The mean ACA was 20.1 mm2 (range, 10.4-33.6 mm2), and the mean ACV was 134.8 mm3 (range, 56.6-242.1 mm2) (Table 2). Mean ACA (19.6 vs 20.8 mm2; P < .001) and ACV (129.7 vs 140.4 mm3; P < .001) were significantly smaller in women than in men. Both ACA (P for trend <.001) and ACV (P for trend <.001) were found to decrease significantly with age.
A total of 317 subjects (16.5%) were diagnosed as having narrow angles on gonioscopy. Eyes with narrow angles had a significantly smaller ACA (15.6 vs 21.1 mm2; P < .001) and ACV (97.6 vs 142.1 mm3; P < .001) compared with those without narrow angles. Approximately 60% of subjects within the first quartile of ACA or ACV had narrow angles (Table 3). Previous data obtained from the same study population indicated that there were significant differences between narrow-angle and open-angle subjects in terms of age, sex, AL, and ACD,6 and therefore these variables were included in the multivariate models to assess for independent association between ACA and ACV measurements and narrow angles (Table 4). After adjustment for age, sex, AL, central ACD, and pupil size, the adjusted odds ratios (95% CI) for per-SD increase of ACA and ACV were 53.2 (27.1-104.5) and 40.2 (21.5-75.2), respectively. Women generally had stronger associations for ACA and ACV compared with those of men. Similarly, associations were stronger in subjects younger than 60 years. However, all age and sex interactions were not significant (data not shown).
Subgroup analysis based on ethnicity in this study population revealed that the mean ACA for Chinese, Malay, Indian, and other races was 20.1, 20.2, 20.8, and 20.6 mm2, respectively, whereas the mean ACV was 134.3, 134.4, 139.9, and 138.1 mm3, respectively. Significant difference in ACA and ACV was observed only between the Chinese and Malay subjects, even after adjustment for age and sex (data not shown).
For the detection of eyes with narrow angles, the optimal cutoff was determined for measurements of ACD (cutoff ≤2.95 mm; AUC, 0.828; 95% CI, 0.805-0.852), ACA (cutoff ≤17.9 mm2; AUC, 0.877; 95% CI, 0.856-0.899), and ACV (cutoff ≤116.0 mm3; AUC, 0.877; 95% CI, 0.855-0.898). Anterior chamber area and ACV had identical AUCs, which was significantly better (P < .001) than ACD in detecting narrow angles. Tests of performance of each measurement, as well as their combinations, are shown in Table 5. When the cutoff for specificity was set at 90%, the sensitivity was 85.5% for ACA, 85.2% for ACV, and 73.5% for ACD.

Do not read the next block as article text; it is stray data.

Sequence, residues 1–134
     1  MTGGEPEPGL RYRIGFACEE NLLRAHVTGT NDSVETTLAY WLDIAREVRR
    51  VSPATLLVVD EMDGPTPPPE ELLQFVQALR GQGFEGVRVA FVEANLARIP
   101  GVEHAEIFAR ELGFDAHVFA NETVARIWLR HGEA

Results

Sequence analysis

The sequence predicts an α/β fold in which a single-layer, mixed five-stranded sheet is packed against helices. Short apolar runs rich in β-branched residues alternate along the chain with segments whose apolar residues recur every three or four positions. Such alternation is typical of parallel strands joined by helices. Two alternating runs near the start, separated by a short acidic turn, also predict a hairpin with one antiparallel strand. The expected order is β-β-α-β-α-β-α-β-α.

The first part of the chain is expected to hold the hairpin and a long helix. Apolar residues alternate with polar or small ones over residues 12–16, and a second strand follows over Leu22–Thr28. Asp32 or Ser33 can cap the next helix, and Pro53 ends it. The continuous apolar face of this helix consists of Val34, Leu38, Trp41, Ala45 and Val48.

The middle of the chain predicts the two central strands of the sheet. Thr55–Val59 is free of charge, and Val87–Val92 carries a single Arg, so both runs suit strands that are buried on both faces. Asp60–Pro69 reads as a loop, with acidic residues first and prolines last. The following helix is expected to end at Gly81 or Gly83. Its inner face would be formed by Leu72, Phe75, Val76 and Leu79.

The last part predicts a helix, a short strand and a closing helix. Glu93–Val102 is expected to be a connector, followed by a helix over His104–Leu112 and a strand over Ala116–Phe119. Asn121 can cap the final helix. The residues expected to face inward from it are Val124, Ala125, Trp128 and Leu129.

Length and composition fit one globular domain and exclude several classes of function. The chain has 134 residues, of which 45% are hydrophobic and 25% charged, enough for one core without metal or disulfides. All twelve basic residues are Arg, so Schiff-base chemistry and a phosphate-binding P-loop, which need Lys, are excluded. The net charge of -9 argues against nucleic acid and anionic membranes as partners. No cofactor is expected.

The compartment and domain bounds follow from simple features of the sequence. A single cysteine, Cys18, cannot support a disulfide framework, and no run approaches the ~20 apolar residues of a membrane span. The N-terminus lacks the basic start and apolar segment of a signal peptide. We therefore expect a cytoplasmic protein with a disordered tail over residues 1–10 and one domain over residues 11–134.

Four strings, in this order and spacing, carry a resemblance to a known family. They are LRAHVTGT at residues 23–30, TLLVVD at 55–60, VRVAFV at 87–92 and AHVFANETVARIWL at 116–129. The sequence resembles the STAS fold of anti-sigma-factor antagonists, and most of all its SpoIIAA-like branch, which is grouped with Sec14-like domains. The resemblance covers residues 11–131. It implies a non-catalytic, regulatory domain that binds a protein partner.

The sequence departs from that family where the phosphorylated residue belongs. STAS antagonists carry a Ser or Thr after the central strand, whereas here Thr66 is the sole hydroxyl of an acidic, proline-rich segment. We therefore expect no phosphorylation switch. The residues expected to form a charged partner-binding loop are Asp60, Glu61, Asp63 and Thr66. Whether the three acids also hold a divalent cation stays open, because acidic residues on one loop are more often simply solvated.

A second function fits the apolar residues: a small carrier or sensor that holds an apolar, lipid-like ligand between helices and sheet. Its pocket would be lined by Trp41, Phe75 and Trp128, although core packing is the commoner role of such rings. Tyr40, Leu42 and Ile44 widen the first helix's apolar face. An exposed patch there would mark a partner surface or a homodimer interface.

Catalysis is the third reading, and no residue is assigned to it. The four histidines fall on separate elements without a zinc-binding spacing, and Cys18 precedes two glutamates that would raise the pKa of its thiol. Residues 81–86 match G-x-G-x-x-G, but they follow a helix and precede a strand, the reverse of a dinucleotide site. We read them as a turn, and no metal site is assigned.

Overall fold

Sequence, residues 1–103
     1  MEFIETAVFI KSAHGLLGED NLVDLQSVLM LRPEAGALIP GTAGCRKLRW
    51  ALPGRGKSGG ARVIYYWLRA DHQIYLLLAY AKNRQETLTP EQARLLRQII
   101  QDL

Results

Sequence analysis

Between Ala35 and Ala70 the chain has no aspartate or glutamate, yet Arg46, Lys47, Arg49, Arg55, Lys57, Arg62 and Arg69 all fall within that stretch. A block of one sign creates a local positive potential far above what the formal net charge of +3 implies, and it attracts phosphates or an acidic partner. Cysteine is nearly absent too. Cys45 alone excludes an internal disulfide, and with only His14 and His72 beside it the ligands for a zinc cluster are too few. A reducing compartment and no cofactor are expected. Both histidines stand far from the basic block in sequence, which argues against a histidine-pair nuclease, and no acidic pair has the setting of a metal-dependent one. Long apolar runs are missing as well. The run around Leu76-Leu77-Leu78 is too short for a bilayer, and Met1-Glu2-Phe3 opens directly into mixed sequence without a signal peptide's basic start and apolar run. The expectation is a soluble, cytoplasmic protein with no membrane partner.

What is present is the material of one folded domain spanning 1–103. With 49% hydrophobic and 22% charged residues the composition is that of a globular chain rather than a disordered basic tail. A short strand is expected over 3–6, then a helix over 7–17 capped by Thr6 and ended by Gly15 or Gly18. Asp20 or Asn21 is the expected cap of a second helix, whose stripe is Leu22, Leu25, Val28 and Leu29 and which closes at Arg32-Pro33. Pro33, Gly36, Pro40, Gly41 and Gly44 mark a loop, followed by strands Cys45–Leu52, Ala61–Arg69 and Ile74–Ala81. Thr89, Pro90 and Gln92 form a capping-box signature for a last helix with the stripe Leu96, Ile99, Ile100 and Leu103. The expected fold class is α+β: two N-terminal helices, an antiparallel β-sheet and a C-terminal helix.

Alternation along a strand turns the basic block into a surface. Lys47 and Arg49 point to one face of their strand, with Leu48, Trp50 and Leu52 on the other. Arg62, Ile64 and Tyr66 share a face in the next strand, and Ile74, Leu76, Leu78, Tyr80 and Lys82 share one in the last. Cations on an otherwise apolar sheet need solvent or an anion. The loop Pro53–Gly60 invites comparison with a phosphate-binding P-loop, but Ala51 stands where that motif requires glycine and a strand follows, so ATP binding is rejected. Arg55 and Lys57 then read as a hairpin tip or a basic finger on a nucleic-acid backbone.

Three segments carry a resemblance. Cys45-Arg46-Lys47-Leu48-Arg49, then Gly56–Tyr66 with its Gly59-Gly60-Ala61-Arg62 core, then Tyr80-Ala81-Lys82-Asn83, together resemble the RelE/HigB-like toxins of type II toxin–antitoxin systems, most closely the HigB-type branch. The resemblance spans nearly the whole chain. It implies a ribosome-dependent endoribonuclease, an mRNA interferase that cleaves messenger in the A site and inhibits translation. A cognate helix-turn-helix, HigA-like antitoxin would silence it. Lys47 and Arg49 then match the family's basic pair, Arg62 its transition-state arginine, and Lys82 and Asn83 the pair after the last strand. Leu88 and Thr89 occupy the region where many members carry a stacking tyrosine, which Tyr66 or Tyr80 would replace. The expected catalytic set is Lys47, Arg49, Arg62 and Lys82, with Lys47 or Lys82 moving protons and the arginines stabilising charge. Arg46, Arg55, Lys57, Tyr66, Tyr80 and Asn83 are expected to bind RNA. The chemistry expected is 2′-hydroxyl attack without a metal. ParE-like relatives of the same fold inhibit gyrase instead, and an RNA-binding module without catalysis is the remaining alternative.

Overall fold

All intragrader and intergrader intraclass correlation coefficients for ACA and ACV were 1.0. The intragrader LOA for ACA was from −0.046 to 0.054, with a mean difference of 0.004, and the intragrader LOA for ACV was from −0.089 to 0.111, with a mean difference of 0.034. The intergrader LOA for ACA was from −0.082 to 0.092, with a mean difference of 0.007, and the intergrader LOA for ACV was from −1.325 to 1.186, with a mean of difference −0.070. The upper and lower values of LOAs were less than 1% for ACA and less than 1.5% for ACV of the corresponding overall means. These results suggest excellent reproducibility of ACA and ACV measurement by Zhongshan Angle Assessment Program software on AS-OCT images.
To effectively prevent PACG by the use of prophylactic laser iridotomy, it is necessary to identify people with early stages of the disease. Early detection of anatomically narrow angles is therefore an important component of future blindness-prevention programs in Asia.4 It has been well documented that some ocular parameters, such as ACD and AL,5-7,12-15 reveal risk factors for PACG. A recent study also showed that ACV, when measured by Pentacam (Oculus, Wetzlar, Germany), was significantly correlated with angle width (Shaffer grade) by gonioscopy in a group of 72 Japanese angle-closure suspects.16 However, studies with large populations have not been performed to evaluate the potential of ACV in detecting narrow angles. In this study, smaller ACA and ACV were independently associated with narrow angles, even after accounting for ACD, AL, and other known associated systemic and ocular biometric parameters. These data suggest novel associations between ACA/ACV and narrow angles.
Interestingly, after stratifying by age and sex and adjusting for other known risk factors, ACA and ACV showed a stronger association with narrow angles in women than in men and in those younger than 60 years than in those of an older age. Although the precise biologic/physiologic explanations for these differences remain to be determined, these observations may partly explain the observation that narrow angles are more often seen in women.6 Because ACA/ACV is the area/volume bounded by the cornea, the iris, and the anterior surface of the lens, the change in ACA/ACV is the composite result of changes in these tissues. Increasing lens thickness with age may be an important factor causing the age-related decline in these parameters. The relationship of ACA/ACV with other ocular biometric parameters needs further investigation. In the present study, we also found that ACA and ACV were smallest in Chinese adults compared with those of other races. We speculate that smaller ACA and ACV in Chinese persons may in part explain the observation that Chinese persons have a higher risk of angle closure.6 Further studies on interethnic differences in ACA/ACV and risk of angle closure may shed light on the pathophysiologic characteristics of PACG.